WINDSOR, Va. (WAVY) — As Virginia State Police begin an independent investigation into a December traffic stop that resulted in a U.S. Army officer being pepper sprayed multiple times, more details are coming to the surface about the incident.

The biggest development 10 On Your Side has learned in the aftermath of the Windsor police pepper-spraying incident back on December 5 is that the officer who was eventually fired remained on the police force for four months after the initial confrontation.

According to information provided to 10 On Your Side on Monday, Windsor Officer Joe Gutierrez was fired in connection with the incident Sunday.

The Windsor town manager, police chief, town attorney, and members of Town Council are not granting interviews on the events surrounding the traffic stop until after Town Council meets Tuesday night.

According to a lawsuit filed by Army 2nd Lt. Caron Nazario in federal court, Nazario was in uniform when he was stopped on Dec. 5.

He was stopped by officers Gutierrez and Daniel Crocker. Crocker said he initiated the stop because he couldn’t see Nazario’s SUV’s license plate, which was displayed inside a tinted back window at the time of the stop.

Nazario slowed down after seeing the officer’s lights behind him, but continued less than a mile so he could pull into a well-lit BP gas station. Because he took an additional amount of time to stop — Crocker in his incident report said he believed Nazario was “eluding” police — and due to the vehicle’s tinted windows, Crocker and Gutierrez decided to make it a high risk felony traffic stop, according to documents.

Crocker and Gutierrez had their weapons drawn at the time they made contact with Nazario, and ordered him out of the vehicle.

Nazario did not comply with the officers’ orders to get out of the car, saying he was scared. Gutierrez could be heard in body camera footage saying Nazario was “fixin’ to ride the lightning,” an expression associated with execution.

The incident escalated to the point Gutierrez used OC spray on Nazario several times while he was still sitting in the vehicle. Nazario eventually got out of his SUV after being sprayed in the face at close range, then Gutierrez used knee strikes to force him to the ground. At that time, the officers handcuffed him.

The situation began to deescalate as officers spoke with Nazario about the traffic stop and allowed EMS to render aid.

Gutierrez came back into contact with Nazario after being out of body camera view for several minutes, and told him he had spoken with the police chief.

He said the police chief had said Nazario didn’t have to be charged with obstruction of justice and not having license plates displayed. Instead, he could have the choice of the officers waiting with him while the effects of the OC spray wore off. At that time, when he was safe to drive, he would be free to go, Gutierrez said, adding that it was Nazario’s choice how to proceed.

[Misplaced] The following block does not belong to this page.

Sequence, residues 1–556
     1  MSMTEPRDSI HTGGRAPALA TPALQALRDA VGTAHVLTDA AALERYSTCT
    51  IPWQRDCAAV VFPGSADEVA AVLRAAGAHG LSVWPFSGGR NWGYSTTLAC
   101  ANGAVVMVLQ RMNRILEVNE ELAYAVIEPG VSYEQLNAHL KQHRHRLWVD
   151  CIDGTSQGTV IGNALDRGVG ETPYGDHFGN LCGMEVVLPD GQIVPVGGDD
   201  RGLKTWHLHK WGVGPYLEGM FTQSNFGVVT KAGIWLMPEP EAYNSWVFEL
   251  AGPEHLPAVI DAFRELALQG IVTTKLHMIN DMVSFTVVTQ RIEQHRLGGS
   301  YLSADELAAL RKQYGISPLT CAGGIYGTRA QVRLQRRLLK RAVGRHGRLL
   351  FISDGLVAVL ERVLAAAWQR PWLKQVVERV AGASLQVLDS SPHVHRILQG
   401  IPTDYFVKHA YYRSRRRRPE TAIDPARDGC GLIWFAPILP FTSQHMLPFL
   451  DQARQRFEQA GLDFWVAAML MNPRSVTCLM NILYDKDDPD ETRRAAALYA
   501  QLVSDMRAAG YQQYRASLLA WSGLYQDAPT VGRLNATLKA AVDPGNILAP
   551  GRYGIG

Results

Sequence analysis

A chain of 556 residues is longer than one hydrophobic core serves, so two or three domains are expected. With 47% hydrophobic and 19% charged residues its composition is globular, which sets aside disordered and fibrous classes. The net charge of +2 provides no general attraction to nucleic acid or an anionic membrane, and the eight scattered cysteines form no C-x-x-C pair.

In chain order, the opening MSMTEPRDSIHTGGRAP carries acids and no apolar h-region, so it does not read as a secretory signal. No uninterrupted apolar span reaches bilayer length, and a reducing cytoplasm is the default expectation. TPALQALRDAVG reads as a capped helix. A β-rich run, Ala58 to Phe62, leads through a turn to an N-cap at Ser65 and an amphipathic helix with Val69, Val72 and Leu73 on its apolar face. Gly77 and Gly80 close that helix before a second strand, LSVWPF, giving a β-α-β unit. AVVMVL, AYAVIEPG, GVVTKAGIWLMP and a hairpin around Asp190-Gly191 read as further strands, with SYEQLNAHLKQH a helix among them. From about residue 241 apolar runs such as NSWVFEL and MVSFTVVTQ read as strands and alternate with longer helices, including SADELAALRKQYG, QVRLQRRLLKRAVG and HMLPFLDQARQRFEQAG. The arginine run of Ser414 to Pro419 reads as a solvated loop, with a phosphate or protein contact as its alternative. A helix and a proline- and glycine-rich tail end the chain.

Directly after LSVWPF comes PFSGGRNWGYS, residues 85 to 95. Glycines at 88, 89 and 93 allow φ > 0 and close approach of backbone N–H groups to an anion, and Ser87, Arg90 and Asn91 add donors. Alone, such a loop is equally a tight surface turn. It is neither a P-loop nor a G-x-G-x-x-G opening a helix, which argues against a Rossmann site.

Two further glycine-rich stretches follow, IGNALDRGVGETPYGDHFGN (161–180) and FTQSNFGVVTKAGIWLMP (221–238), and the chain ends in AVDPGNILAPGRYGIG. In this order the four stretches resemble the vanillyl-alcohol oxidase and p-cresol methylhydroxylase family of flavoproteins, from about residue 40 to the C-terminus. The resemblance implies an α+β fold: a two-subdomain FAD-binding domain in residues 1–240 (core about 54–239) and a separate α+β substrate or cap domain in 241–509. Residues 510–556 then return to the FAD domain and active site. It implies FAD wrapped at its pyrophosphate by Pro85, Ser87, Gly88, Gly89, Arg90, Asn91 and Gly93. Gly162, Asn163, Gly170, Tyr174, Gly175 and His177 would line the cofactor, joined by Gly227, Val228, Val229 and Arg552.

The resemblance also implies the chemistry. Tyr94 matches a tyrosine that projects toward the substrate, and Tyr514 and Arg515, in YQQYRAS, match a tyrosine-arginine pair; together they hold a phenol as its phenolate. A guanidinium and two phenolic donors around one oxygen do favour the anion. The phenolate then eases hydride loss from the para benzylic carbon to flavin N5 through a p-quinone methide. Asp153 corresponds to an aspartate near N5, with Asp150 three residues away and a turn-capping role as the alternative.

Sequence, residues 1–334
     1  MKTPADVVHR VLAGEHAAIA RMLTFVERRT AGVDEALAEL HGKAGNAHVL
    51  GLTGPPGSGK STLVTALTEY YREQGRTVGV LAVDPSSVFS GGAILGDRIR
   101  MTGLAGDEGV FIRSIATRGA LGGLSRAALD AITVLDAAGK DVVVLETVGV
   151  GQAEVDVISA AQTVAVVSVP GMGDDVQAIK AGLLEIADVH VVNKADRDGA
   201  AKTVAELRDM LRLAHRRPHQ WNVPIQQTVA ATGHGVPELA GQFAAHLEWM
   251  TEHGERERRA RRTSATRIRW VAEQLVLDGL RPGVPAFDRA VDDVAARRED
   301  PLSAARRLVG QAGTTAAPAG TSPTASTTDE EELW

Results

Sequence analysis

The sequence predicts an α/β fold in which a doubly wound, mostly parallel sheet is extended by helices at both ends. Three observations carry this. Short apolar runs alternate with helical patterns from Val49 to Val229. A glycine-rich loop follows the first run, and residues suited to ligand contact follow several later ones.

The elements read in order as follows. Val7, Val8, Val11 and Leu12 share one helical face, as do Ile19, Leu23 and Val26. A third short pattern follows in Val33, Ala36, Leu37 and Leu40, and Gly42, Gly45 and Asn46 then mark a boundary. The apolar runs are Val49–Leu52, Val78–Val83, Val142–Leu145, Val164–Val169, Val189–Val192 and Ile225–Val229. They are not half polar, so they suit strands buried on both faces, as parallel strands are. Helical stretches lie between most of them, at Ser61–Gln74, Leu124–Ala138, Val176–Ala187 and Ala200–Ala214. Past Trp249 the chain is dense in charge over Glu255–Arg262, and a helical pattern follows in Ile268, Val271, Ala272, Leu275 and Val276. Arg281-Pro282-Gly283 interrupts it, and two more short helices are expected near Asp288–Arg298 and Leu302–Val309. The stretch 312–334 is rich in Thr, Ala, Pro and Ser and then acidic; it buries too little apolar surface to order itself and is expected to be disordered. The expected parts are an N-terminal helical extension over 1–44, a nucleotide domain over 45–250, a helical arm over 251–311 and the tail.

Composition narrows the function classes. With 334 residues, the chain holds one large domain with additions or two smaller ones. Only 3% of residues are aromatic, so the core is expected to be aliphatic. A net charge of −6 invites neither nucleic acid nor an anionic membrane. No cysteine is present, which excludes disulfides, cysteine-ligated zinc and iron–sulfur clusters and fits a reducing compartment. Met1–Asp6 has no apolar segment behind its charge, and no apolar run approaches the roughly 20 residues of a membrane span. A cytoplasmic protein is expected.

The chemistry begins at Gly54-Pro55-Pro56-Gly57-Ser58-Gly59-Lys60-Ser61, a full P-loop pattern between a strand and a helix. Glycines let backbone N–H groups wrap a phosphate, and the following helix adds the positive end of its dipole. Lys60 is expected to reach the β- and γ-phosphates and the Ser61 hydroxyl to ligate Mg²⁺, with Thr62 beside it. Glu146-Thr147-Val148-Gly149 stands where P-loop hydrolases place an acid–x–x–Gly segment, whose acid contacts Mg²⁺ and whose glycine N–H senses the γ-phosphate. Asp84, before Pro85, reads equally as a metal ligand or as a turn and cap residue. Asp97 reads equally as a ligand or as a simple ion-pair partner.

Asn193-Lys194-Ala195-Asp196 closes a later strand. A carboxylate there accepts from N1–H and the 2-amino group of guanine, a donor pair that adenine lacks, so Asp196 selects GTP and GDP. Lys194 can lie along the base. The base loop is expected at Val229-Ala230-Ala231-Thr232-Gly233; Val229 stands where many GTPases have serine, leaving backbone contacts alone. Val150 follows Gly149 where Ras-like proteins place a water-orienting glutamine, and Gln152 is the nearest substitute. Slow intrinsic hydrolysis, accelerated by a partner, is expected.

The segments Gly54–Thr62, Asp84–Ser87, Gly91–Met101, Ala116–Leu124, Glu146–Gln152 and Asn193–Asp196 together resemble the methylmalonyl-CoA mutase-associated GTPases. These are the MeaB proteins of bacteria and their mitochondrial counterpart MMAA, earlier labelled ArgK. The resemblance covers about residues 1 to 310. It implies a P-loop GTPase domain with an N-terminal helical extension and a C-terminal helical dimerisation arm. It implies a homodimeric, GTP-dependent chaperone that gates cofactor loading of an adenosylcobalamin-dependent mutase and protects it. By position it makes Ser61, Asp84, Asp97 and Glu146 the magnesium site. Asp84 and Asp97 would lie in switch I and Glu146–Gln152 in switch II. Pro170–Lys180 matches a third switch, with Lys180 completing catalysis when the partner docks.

Nazario’s attorney has said the officers violated his Fourth and First Amendment rights, used excessive force, and conducted an unlawful search of his vehicle.

On Monday, 10 On Your Side went to the BP gas station in Windsor where the traffic stop happened.

We met Sergio McRae, who delivers there every week and saw the video of Nazario’s traffic stop.

“It was very evident to me he [Nazario] was compliant. He was doing everything he could in his power for the police even though he was getting conflicting orders,” McRae said.

We also spoke to James and Mary Bland, a couple that has lived in Windsor for 27 years and been married 34.

“I was horrified.  I just thought it was wrong,” said James Bland.   

“The crux of the problem is the officers should never have assumed he was doing anything wrong, and they shouldn’t have drawn their guns. What was the reason they did that other than he looked different?” Mary Bland asked.

McRae said he’s familiar with the phrase “ride the lightning,” which was used by Gutierrez during the traffic stop.

“Yes, from old newspapers back in the 1800s with Afro-Americans ‘riding the lightning.’ It is a term used by executioners and the electric chair. [In this case the officer] is letting him know they are going to abuse them,” McRae said.

 It struck a chord with McRae when he heard Nazario in the videos telling officers he was scared to get out of the car — then one officer responding with “you should be.”

“I couldn’t believe that. He is telling him he was afraid to get out of the car, and the officer is telling him he should be afraid… Of course he wasn’t getting out of the car hearing that… What does one do? He was absolutely right not to get out of the car,” McRae said.

When watching the video, McRae said he felt like “it was the same old same thing in America.” 

“Like, it is such a common occurrence in America… When travel, I never see this in other countries,”  he said.

Late Monday afternoon, Windsor put out another news release on the traffic stop, affirming its commitment to transparency and “taking actions to rebuild the public’s trust in the Windsor Police Department.” The issue will be discussed at the Town Council meeting Tuesday night.   

The Town is not named in the lawsuit against Crocker and Gutierrez due to the sovereign immunity status of the governmental agency.